Xi wants 'new level' of China-Britain trade ties

Cooperation can be achieved on wider scale through Belt and Road initiative, he says

British Prime Minister Theresa May, with her husband Philip May, Chinese President Xi Jinping and his wife Peng Liyuan at Diaoyutai State Guest House. The leaders agreed to hold a joint trade and investment review as the first step in delivering an a
British Prime Minister Theresa May, with her husband Philip May, Chinese President Xi Jinping and his wife Peng Liyuan at Diaoyutai State Guest House. The leaders agreed to hold a joint trade and investment review as the first step in delivering an ambitious future trade agreement after Brexit. PHOTO: EPA-EFE

BEIJING • Chinese President Xi Jinping has told British Prime Minister Theresa May that their countries should take trade ties to "a new level" as London scouts the globe for fresh partnerships after its contentious exit from the European Union.

Hounded by Brexit rows at home, Mrs May is seeking to deepen trade relations with the world's second largest economy as Britain prepares to leave the EU next year.

The embattled Prime Minister and senior Chinese leaders championed a "golden era" of relations between their two countries throughout her visit.

"As the United Kingdom is leaving the European Union, we're going to be more outward-looking and looking to enhance our relationships around the world and this relationship with China is an important part of that," Mrs May told state broadcaster CCTV.

The British leader held talks with Mr Xi yesterday at the Diaoyutai State Guest House after visiting an agricultural sciences academy. She later took part in a traditional tea ceremony with the Chinese leader and his wife Peng Liyuan.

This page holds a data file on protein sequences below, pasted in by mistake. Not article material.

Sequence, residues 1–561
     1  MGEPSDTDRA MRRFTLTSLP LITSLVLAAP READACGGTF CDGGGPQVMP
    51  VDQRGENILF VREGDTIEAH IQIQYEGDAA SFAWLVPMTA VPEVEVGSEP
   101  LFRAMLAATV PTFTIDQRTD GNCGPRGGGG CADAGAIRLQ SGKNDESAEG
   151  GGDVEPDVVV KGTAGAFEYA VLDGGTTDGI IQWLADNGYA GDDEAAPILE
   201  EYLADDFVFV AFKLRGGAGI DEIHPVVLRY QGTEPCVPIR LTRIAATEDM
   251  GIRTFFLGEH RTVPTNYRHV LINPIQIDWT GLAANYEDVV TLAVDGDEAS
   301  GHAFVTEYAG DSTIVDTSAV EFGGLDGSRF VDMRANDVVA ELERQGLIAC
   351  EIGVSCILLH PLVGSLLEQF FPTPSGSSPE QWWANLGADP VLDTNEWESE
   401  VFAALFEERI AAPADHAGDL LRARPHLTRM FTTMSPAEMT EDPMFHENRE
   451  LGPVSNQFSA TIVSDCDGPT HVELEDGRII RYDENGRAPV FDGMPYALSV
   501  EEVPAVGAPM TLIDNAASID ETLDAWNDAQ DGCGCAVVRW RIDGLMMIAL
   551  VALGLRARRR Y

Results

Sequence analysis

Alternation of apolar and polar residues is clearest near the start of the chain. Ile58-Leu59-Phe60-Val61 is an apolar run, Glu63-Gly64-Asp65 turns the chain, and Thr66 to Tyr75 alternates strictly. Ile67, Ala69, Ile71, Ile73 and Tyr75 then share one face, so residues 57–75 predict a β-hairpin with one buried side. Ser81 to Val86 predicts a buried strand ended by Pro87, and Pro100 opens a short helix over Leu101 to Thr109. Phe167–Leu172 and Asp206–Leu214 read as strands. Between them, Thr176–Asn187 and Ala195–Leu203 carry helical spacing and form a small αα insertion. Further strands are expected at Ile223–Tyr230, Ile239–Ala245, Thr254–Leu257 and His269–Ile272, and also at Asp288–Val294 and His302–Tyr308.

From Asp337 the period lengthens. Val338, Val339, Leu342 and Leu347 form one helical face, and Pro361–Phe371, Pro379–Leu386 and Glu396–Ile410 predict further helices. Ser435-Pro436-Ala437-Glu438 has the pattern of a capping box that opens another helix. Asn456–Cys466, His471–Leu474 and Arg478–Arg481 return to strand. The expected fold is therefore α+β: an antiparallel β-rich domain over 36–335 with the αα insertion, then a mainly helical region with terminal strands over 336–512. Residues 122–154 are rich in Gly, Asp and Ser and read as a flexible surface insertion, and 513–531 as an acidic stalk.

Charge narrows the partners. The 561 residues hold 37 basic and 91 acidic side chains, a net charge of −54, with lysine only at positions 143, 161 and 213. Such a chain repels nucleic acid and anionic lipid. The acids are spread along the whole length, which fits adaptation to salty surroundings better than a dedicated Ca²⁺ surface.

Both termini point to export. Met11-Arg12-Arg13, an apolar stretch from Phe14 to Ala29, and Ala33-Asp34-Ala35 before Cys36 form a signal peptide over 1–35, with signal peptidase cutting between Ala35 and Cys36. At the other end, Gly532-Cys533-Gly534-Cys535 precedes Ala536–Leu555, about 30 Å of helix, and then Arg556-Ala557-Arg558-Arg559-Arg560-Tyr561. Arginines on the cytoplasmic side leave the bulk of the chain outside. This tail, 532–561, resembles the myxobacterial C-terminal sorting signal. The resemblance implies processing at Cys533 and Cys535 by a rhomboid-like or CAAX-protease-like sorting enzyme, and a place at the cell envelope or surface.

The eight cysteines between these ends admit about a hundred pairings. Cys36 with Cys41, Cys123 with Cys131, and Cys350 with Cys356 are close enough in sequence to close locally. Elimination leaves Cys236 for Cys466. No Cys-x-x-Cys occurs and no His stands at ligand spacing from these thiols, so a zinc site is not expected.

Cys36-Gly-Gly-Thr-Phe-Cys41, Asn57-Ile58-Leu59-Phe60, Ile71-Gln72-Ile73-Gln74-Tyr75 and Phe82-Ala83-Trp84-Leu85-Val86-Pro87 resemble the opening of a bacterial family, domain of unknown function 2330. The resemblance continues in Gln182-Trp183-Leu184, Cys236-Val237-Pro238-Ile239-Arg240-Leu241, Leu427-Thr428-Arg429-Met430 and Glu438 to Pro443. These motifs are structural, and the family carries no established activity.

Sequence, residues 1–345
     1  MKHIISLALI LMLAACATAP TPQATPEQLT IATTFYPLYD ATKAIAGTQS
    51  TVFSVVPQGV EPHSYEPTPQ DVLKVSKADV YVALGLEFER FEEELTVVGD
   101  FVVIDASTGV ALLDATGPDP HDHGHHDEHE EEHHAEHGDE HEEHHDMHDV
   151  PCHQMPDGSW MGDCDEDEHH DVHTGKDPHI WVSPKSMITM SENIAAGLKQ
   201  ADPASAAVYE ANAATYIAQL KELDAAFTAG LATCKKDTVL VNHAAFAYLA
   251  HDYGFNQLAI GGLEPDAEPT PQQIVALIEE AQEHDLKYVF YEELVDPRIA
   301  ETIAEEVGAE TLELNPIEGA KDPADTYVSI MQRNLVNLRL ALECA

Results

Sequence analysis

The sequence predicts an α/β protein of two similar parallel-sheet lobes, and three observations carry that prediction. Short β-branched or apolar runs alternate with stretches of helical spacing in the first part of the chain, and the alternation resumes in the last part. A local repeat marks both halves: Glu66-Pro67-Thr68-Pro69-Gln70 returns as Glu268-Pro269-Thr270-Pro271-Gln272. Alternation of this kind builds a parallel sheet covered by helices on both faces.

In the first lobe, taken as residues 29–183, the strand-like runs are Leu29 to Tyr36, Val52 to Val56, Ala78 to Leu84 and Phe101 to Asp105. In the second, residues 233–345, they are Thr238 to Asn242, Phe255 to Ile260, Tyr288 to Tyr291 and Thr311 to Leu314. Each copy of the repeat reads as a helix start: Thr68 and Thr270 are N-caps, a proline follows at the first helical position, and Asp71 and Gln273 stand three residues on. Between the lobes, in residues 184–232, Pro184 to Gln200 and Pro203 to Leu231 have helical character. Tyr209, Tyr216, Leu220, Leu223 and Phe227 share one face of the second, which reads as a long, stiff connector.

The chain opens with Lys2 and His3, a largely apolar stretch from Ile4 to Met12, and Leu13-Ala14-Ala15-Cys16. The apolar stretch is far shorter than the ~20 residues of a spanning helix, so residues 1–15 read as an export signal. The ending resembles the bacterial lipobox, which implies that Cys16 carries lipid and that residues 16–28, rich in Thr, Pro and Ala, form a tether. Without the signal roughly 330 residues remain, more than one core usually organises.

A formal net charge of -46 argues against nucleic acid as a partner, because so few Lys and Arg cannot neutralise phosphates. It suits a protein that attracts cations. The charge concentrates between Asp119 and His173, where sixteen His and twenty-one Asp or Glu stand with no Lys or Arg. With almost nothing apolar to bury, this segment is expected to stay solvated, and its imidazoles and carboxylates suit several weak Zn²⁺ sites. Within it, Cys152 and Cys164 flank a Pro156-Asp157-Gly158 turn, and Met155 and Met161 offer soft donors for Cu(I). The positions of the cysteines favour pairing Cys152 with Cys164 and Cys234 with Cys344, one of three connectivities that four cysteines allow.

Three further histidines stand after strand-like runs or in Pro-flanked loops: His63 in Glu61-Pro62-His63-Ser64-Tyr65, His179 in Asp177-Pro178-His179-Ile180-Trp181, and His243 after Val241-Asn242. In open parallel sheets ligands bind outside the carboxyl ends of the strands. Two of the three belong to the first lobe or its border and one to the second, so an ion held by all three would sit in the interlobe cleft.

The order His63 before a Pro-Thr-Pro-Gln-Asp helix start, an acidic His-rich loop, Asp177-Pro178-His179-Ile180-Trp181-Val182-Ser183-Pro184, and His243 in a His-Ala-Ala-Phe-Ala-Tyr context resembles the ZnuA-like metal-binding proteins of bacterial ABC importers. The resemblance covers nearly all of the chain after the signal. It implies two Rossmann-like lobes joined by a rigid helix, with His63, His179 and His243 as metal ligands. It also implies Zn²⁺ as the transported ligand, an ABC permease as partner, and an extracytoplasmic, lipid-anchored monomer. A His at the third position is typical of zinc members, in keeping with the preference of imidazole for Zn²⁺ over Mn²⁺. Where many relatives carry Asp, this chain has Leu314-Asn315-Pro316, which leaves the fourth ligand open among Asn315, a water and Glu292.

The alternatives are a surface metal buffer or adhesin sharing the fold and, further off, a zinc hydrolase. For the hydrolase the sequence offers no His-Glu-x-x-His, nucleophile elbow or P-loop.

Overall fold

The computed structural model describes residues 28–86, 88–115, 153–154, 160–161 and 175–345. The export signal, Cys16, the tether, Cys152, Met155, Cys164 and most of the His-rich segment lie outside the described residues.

Mrs May's office said the two leaders agreed to hold a joint trade and investment review as the first step towards delivering an ambitious future trade agreement after Brexit.

"The PM said that, once Britain leaves the EU, we will be free to strike our own trade deals," it said, adding that more talks on China's Belt and Road Initiative have also been agreed.

The initiative is a massive infrastructure programme aimed at reviving ancient Silk Road trade routes by building rail and maritime networks across the world.

But the project has spurred both interest and anxiety in many countries, with some saying it mainly benefits Chinese state-run firms and has whiffs of expansionism.

Mrs May had said on Wednesday that London welcomes the initiative, but she cautioned that the two countries would continue to work together to ensure that the endeavour "meets international standards".

Mr Xi said during their meeting yesterday the two countries can "develop mutually beneficial cooperation on a wider scale, at a higher level and on a deeper level" through the Belt and Road initiative, according to national broadcaster CCTV.

Mr Xi also proposed that China and Britain enhance exchange and cooperation in institutions such as the United Nations, the G-20 and the World Trade Organisation to address global challenges.

Mrs May began her China trip with plans to announce £9 billion (S$16.8 billion) in business deals, an agreement to end a ban on British beef and promises to seek more trade opportunities.

The two countries agreed on new measures to improve access to the huge Chinese market and set up a special panel to explore trade opportunities, she said on Wednesday.

Britain runs a £25.4 billion trade deficit with the Asian giant and only 3.1 per cent of British exports go to the country, according to Mr Rajiv Biswas, Asia-Pacific chief economist at IHS Markit.

The two countries signed a dozen deals in areas including trade, finance and smart cities on Wednesday, the first day of her trip, which ends in Shanghai today.

AGENCE FRANCE-PRESSE, REUTERS, XINHUA

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A version of this article appeared in the print edition of The Straits Times on February 02, 2018, with the headline Xi wants 'new level' of China-Britain trade ties. Subscribe